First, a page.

“Wicked” will return to the Appleton for the first time in 20 months, from October 27 to November 14. The show will be performed at the Fox Cities Performing Arts Center.
It is a prequel to the tale “Wizard of Oz,” and tells the tale of Elphaba and Galinda, who build an unexpected friendship before going on to become famous as the Wicked Witch of the West and Glinda the Good Witch, respectively. The musical, which has music and lyrics by Stephen Schwartz and a book by Winnie Holzman, is based on a novel authored by Gregory Maguire that was published in 1995.
Since its first performance on the Broadway stage in 2003, “Wicked” has won plenty of awards and established itself as a fan favourite, resulting in a more than 15-year run on Broadway, two national tours, and a slew of international performances.
This is the first national Broadway tour to continue after the epidemic, with the show reopening in Dallas on August 3. Wicked Appleton will be the fourth site on tour.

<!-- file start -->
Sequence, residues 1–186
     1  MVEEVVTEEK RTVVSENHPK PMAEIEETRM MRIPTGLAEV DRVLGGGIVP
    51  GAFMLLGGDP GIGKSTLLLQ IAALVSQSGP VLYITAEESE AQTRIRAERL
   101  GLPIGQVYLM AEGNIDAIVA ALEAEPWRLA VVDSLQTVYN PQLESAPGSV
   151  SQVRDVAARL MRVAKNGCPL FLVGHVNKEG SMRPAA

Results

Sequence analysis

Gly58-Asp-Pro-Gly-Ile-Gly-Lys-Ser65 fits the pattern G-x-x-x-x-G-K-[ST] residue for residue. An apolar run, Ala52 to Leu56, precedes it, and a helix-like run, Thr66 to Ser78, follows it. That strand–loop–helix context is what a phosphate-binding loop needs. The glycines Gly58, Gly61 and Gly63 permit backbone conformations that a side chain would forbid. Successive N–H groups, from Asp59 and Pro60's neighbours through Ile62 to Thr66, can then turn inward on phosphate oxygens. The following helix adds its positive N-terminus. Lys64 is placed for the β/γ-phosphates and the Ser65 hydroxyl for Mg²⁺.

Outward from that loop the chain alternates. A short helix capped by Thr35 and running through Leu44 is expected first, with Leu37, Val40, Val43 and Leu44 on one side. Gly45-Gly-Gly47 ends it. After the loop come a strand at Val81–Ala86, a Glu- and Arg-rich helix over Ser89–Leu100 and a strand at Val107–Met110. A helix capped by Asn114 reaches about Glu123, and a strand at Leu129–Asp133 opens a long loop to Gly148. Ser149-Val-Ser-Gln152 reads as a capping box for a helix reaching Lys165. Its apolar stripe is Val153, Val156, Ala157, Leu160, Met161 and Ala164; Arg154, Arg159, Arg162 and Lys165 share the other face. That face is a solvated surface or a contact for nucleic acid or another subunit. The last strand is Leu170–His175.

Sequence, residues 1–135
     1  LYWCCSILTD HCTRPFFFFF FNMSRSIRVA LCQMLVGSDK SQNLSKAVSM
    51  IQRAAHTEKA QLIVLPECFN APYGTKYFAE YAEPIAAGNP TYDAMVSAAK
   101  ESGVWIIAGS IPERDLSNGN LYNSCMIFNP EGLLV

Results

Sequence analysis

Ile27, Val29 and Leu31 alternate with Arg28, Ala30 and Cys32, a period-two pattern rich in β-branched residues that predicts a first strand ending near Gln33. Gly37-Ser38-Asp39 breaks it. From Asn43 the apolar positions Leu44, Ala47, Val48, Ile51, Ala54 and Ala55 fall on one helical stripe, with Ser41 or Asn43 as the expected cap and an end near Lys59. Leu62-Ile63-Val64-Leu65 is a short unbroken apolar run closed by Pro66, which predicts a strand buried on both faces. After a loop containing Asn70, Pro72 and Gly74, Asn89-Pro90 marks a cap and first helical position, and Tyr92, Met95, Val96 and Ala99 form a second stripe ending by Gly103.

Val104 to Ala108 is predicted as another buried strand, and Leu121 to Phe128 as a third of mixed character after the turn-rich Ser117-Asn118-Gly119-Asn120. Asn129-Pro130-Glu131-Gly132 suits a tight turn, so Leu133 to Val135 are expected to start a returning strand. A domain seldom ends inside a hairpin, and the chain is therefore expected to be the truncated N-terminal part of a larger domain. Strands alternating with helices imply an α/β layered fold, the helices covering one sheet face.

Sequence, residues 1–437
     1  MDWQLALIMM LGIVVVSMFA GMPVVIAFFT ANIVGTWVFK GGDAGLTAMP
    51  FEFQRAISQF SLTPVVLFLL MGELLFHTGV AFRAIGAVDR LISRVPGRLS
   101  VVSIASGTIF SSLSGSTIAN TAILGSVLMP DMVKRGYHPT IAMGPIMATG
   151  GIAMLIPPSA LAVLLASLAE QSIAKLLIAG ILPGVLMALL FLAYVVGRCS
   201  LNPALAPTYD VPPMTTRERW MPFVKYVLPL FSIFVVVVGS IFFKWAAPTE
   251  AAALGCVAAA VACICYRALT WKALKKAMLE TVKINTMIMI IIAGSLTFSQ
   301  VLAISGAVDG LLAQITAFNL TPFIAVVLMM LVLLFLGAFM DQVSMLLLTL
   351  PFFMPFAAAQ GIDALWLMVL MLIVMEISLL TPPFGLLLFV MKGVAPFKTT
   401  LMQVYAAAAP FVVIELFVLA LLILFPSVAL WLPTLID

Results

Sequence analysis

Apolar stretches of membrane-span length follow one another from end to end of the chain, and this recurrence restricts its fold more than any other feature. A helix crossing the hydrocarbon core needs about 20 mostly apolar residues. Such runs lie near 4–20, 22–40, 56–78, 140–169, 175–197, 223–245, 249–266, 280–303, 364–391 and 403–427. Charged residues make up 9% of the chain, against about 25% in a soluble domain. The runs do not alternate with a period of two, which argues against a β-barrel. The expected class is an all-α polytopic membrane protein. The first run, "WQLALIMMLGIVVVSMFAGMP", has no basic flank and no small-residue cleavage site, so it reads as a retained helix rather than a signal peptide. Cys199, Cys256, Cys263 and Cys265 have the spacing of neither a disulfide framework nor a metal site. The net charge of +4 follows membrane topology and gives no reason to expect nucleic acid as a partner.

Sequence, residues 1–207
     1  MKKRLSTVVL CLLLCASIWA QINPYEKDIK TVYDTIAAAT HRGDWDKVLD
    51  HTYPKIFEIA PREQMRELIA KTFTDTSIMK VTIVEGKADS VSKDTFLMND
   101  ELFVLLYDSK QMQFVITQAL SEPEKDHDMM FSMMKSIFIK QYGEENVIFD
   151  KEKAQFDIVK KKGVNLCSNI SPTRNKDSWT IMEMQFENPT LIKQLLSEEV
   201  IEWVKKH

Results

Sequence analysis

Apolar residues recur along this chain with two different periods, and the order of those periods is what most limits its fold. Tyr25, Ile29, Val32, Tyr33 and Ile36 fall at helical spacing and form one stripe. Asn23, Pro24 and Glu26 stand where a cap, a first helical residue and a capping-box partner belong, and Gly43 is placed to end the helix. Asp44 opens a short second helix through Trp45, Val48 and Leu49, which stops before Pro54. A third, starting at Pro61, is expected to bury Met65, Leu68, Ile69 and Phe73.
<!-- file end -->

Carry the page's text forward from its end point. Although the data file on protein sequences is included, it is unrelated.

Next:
‘Wicked’ has remained famous for over twenty years, according to Talia Suskauer, who plays Elphaba, because of the show’s ability to interact with people from all walks of life.
Suskauer credits the show’s success to its moving storyline, relatable characters, “transcendent” music, and the inclusion of important ideas throughout the performance.
When it came to the actors, one benefit of the extended time away from the stage was the opportunity to have full-cast rehearsals before restarting the tour, which was unusual for a musical that had been on the street nonstop for so many years, according to Wisconsin native Curt Hansen, who plays Fiyero, the witches’ shared love interest.
For Hansen, who first performed Fiyero in a national tour of “Wicked” in 2013, resuming his role after a long period of time away from the show was not unusual. Since then, he has been in Wicked in New York and around the country, as well as the national tour of “Kinky Boots.” In 2017, he played the main role in “Wicked.”
“I’ve been performing the show on and off for almost eight years,” Hansen, a native of Hartford, said of his involvement. “Then there were a number of really long breaks in between, including one when I was forced to kind of step into the position after two years with just a 24-hour notice. As a result, the fact that we have rehearsal is very beneficial.”